Southland Reel Life February 2018
Southland drift dives - numbers look good!
This month the Southland region finally experienced a good dumping of rain that raised the rivers enough for Fish & Game staff to conduct some of their annual fish spotting drift dives.
So far, we've dived the Monowai, Aparima and Oreti rivers.
Above right: A prime Aparima brown trout from the Wreys Bush area.
Despite the challenging water temperatures this year, the trout have held up particularly well.
We observed 19 rainbows and 17 browns per kilometre on the Monowai river; some of the highest counts on record.
Most fish were seen in the first 600m between the dam and the cableway.
A few years back we created an angler access track on the true left-hand side of this stretch allowing for angler access to this most productive section.
Left: This year there were 23 large brown trout (500-650mm) per km, 25% more than last year.
The Aparima River dive also showed good numbers of brown trout between 400-500mm in length.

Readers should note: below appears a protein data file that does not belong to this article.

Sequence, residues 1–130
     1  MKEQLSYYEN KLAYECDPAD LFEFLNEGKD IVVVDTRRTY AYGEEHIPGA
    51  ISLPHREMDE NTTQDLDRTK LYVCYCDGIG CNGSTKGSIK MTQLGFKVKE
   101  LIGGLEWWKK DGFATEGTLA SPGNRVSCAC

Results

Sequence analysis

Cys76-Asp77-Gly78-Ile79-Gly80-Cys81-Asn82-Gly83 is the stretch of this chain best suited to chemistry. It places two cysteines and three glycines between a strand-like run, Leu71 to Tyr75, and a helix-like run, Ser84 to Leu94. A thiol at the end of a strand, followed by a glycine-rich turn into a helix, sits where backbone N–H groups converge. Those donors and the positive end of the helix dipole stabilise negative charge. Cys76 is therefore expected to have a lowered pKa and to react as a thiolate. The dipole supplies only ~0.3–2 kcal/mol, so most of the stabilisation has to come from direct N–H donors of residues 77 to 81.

We were happy to see that many of the fish were in great condition.
Finally, the Oreti dive also revealed good numbers of trout.
Now's the time for spin fishing!
Over the last few months spin anglers would have noticed that fishing got rather challenging.
Warm water temperatures and low rivers make trout more sluggish and spin fishing less productive.
However, now that the rivers have had a good flush out and the temperatures have been cooler, success for spin anglers has really increased.
The lower Oreti and Aparima Rivers have been fishing particularly well since the last major rainfall.
Trout are very active in these lower reaches and are in great condition.
Further north, rain in Maraora catchment has resulted in a healthy increase in flow with slightly discoloured water – perfect for spinning.
A soft bait or toby lure in slightly discoloured water is almost a sure recipe for success.
Recent high flows down lower Waiau will have prompted upstream movement of brown trout.
MLC fish pass has been open through this period and the likes of the Mararoa and its tributaries will benefit from this.
Make sure you keep an eye out for salmon in the Waiau and Oreti, especially with these higher river flows after prolonged low flows.
Cohen Stewart, Southland Fish & Game Officer.
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